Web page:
While it’s human nature for people to think of divorce as a low risk potential event in their family, it does happen. An irrevocable trust can be a good choice for business assets vulnerable to being lost in a divorce, certainly if there’s family sentiment surrounding the assets. Any assets held in the trust can be protected from the claims of creditors as long as they remain in the trust and the beneficiary has no right to withdraw them. Assets distributed to beneficiaries from the trust are subject to creditors’ claims. Proper administration of a discretionary trust is critical in achieving its objectives.
Asset Protection Trusts
A special type of trust known as a “self-settled asset protection trust” is another option for protection. An asset protection trust is a trust created by an individual in a jurisdiction that allows that a trust over which a person retains a discretionary beneficial interest is exempt from the claims of the trust creator’s creditors. Delaware was one of the first states to enact self-settled asset protection trust legislation. Several states have since done the same.
Assets, including a business, held in the asset protection trust can be protected from the claims of creditors as long as they remain in the trust and the donor/beneficiary has no right to withdraw them. As mentioned above, assets distributed to beneficiaries are subject to creditors’ claims. Trusts should be established in jurisdictions that have enacted the appropriate legislation and should be properly administered.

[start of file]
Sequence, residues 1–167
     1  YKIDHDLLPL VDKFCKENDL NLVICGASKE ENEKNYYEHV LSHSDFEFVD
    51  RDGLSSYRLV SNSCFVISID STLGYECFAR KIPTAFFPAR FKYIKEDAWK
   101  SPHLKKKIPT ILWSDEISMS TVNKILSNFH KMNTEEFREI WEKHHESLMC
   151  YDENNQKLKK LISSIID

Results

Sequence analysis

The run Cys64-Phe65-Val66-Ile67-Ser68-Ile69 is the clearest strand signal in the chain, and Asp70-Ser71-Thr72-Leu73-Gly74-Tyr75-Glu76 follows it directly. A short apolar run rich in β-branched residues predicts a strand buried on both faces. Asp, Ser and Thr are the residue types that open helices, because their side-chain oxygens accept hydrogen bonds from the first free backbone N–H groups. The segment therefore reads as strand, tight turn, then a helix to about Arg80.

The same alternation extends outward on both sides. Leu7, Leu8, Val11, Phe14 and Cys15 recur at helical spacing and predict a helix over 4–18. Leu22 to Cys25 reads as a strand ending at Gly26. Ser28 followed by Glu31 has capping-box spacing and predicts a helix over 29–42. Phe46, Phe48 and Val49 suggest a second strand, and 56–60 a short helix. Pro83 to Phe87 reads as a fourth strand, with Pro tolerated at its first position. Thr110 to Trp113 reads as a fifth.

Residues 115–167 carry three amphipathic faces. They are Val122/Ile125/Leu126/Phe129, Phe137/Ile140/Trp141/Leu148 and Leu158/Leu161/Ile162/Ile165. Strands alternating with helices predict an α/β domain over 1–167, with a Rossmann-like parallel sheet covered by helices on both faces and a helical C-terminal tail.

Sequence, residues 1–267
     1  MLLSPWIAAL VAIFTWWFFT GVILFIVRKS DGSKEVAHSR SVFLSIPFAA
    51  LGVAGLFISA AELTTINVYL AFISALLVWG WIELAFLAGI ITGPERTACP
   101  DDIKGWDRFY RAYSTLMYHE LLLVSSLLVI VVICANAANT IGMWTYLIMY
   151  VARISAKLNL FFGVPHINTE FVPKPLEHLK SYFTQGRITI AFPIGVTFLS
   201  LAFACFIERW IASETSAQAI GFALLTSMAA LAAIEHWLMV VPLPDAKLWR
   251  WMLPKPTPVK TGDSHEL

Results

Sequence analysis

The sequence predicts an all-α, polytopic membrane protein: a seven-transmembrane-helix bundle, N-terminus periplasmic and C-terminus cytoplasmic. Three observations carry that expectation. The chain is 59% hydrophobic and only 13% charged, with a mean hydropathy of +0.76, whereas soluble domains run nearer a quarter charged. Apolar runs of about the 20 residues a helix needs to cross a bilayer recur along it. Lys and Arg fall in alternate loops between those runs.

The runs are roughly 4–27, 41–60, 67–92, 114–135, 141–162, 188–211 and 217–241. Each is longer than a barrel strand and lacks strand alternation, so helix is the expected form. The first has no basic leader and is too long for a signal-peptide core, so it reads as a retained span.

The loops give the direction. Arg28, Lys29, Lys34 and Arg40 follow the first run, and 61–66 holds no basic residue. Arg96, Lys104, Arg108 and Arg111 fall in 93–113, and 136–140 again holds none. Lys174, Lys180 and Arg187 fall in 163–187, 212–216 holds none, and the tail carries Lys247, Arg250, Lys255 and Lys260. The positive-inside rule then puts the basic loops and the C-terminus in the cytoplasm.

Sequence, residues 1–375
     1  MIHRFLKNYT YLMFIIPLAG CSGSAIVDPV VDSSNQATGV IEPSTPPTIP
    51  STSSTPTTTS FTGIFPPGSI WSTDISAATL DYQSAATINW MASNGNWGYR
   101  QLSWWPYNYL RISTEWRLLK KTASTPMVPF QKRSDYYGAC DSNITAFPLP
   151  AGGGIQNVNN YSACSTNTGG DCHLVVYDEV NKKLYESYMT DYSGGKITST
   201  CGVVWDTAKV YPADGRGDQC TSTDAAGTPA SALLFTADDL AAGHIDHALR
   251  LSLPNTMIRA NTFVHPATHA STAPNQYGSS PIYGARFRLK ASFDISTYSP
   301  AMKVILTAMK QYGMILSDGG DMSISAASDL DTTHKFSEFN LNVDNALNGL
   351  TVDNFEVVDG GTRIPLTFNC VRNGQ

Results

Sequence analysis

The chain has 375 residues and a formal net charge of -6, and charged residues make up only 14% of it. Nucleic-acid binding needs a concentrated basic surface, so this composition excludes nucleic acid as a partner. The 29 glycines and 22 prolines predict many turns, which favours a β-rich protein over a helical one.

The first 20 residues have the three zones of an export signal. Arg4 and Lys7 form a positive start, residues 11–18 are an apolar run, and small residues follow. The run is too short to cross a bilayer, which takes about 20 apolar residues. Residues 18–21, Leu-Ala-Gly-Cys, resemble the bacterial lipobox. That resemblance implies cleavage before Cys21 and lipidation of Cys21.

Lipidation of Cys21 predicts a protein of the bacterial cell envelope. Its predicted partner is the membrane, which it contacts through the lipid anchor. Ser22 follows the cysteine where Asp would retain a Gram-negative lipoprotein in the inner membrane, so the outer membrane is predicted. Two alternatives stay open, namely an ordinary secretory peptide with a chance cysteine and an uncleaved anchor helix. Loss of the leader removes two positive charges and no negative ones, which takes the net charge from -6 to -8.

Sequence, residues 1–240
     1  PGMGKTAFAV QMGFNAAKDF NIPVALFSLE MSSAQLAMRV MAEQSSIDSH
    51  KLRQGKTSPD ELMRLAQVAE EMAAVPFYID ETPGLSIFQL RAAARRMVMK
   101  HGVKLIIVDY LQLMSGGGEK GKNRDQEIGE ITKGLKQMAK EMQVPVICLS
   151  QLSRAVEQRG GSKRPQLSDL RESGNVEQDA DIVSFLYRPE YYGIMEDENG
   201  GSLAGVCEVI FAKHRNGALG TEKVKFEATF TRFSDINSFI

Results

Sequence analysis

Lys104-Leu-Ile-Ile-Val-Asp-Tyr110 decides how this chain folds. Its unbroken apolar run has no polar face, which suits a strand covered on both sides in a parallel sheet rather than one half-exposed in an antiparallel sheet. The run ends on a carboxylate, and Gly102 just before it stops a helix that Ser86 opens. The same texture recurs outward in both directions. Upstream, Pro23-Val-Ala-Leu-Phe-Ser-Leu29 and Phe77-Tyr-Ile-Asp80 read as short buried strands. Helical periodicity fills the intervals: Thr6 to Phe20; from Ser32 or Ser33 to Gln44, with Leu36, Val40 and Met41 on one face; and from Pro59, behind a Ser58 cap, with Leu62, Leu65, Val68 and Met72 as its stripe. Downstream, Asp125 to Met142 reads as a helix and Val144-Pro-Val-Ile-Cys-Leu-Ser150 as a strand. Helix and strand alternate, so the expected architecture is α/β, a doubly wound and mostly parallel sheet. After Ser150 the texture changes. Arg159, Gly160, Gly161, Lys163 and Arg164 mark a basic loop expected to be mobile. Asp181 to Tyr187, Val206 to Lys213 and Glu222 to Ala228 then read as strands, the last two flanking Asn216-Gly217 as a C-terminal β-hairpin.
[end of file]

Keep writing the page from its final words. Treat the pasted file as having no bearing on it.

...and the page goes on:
Asset protection follows the continuum of life’s events, reflecting the changes that individuals, families, careers, businesses and wealth undergo. Sometimes wealth “events” occur suddenly – such as an earlier-than-expected inheritance – and other times they accumulate over time – as in the case of a business that grows and prospers, resulting in significant wealth and potentially significant exposure to risk.
For the business owner, a simple way of thinking about asset protection strategies is from lower risk and simpler tactics to higher risk and more complex and sophisticated tactics. In the context of protecting your business from damage that a divorce in the family could potentially cause, speak with your advisor about which strategy is most appropriate and effective to protect your family’s business and wealth.
Joshua S. Miller is a managing director and senior wealth strategist in the Boston office of Atlantic Trust Private Wealth Management. This article first appeared in the Summer 2016 issue of Massachusetts Family Business, the magazine of the Family Business Association of Massachusetts.